Bow - The
chief weapon of the early American Indian. Bows were made from many
types of springy woods, as well as from bone and horn, and were of different
lengths and shapes. The Indian prized his bow and took good care
of it, keeping it unstrung and in a bow case when not in use. Even
after he had acquired firearms, he usually carried his bow whether in war
or on the hunt.
There were four general types of bows in
use by the Indians. One was the self-bow,
made of one long length of wood, popular with the eastern Indians.
Then there was the compound bow, made of several layers of wood, bone,
or horn, glued and lashed together, used by some Plains tribes. The
third was the sinew wrapped bow, made of a brittle wood which was wrapped
from wing to wing with sinew. This bow was used among the Alaskan
tribes. The last type was the sinew backed self-bow strengthened
by a strip of sinew or rawhide, glued and lashed to the back of the bow,
much used by the California tribes.
The Eskimo made a bow out of whales' ribs,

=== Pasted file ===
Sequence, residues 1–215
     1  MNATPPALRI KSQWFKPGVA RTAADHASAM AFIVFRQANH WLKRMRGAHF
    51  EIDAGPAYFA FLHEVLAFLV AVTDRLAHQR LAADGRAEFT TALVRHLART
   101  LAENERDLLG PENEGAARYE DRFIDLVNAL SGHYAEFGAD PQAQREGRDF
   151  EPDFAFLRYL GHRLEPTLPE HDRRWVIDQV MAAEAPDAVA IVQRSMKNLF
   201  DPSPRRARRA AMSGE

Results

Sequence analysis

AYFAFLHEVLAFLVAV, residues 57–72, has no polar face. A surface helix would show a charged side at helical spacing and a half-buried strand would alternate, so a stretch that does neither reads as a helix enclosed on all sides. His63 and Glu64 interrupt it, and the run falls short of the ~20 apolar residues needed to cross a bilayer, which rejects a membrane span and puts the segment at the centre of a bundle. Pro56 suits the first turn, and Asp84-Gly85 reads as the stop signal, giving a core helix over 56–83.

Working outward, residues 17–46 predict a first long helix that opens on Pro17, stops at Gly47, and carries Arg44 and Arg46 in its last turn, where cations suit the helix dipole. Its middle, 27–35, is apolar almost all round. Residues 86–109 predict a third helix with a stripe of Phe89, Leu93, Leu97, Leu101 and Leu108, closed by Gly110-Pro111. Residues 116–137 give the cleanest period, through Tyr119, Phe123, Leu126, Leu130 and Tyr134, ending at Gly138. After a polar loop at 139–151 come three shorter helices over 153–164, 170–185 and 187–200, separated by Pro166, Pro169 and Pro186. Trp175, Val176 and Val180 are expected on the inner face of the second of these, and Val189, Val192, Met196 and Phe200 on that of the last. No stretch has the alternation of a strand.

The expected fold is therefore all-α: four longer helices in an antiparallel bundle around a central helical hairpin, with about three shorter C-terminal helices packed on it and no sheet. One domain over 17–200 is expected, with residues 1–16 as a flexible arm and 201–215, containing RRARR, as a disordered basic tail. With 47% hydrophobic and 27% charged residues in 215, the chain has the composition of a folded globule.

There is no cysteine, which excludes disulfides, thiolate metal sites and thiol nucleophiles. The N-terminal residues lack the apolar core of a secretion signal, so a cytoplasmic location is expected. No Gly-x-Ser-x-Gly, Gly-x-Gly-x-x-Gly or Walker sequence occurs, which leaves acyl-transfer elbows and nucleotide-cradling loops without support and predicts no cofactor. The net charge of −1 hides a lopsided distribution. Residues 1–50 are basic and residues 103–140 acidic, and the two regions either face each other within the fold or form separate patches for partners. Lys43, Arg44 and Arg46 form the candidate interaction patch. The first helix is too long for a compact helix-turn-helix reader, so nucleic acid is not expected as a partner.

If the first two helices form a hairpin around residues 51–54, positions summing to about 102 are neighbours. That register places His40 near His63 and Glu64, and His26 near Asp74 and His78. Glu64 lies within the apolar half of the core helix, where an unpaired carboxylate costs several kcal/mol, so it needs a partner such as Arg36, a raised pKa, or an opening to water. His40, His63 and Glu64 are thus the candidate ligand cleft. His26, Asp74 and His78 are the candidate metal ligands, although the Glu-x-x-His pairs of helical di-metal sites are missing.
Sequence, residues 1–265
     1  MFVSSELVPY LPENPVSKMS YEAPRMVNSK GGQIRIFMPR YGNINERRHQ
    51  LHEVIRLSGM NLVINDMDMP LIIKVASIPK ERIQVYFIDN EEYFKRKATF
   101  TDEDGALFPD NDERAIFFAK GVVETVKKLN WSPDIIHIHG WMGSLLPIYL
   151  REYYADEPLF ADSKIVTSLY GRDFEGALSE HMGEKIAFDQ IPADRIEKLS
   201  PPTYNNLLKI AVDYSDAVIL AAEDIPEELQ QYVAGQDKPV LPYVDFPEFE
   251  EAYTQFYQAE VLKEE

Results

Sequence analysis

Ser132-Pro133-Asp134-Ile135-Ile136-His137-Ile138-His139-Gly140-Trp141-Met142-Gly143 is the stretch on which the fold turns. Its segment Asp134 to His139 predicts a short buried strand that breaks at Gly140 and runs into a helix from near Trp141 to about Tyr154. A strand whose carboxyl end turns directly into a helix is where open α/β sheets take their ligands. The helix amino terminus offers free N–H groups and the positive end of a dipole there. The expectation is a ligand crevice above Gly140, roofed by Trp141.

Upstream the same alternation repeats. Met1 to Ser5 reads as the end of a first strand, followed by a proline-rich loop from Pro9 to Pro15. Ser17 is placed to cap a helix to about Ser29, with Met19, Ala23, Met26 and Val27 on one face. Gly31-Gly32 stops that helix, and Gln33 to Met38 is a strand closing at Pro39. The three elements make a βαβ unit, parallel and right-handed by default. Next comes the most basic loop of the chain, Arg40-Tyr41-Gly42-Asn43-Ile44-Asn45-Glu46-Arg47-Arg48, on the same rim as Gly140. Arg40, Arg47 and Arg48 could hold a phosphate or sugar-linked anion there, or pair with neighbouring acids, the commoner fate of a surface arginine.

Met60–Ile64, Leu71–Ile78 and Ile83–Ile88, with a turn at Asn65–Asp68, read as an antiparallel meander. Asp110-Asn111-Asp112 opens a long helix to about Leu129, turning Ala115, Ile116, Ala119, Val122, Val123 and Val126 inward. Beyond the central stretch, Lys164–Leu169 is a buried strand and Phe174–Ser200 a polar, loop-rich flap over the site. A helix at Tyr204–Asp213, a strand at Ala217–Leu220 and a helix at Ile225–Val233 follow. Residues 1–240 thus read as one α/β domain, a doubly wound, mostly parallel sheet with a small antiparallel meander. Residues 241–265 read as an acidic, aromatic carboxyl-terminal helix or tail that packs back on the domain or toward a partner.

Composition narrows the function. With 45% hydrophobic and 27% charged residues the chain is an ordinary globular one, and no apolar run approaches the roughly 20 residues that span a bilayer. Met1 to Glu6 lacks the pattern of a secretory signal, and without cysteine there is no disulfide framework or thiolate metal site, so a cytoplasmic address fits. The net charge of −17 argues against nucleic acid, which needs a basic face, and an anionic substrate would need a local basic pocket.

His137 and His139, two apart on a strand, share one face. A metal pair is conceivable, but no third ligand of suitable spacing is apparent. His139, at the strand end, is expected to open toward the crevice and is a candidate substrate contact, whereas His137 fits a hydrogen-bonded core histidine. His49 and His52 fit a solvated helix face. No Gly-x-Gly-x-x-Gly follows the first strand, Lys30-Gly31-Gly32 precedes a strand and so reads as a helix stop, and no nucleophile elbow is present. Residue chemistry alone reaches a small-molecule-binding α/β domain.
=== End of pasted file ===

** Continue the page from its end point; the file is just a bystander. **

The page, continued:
set on a wooden grip. The North Pacific tribes used a short bow with
flat wide wings and a round grip. The Florida Indians' bow was as
long as the height of the man who used it. Bows of the Plains Indians
were shorter than most, as they usually were shot from horseback.
Some Plains tribes, as well as the Apache, bent back the tips of the wings
in the shape of a cupid's bow. Pueblo Indians made small painted
bows to be used in religious ceremonies and to be buried with the dead.
Bows were made of the wood of the osage
orange (bois d'arc), found west of the Mississippi, ironwood, second
growth hickory, cedar, dogwood, white ash and mulberry.
Indians learned the use of the bow from
childhood. Many stories have been told of how Indians could shoot
for or five arrows, one after the other, before a man could reload his
gun. When the Spanish conquistadores found that an arrow would
go through a coat of mail they adopted as armor the quilted cloth of the
The University of California tested the
distances arrows could be shot. These tests showed: Osage bow,
92 yards; Apache bow, 120 yards; Blackfoot bow, 145 yards; Cheyenne bow,
165 yards; Yaqui Indian bow (from Mexico), 210 yards; English long bow,
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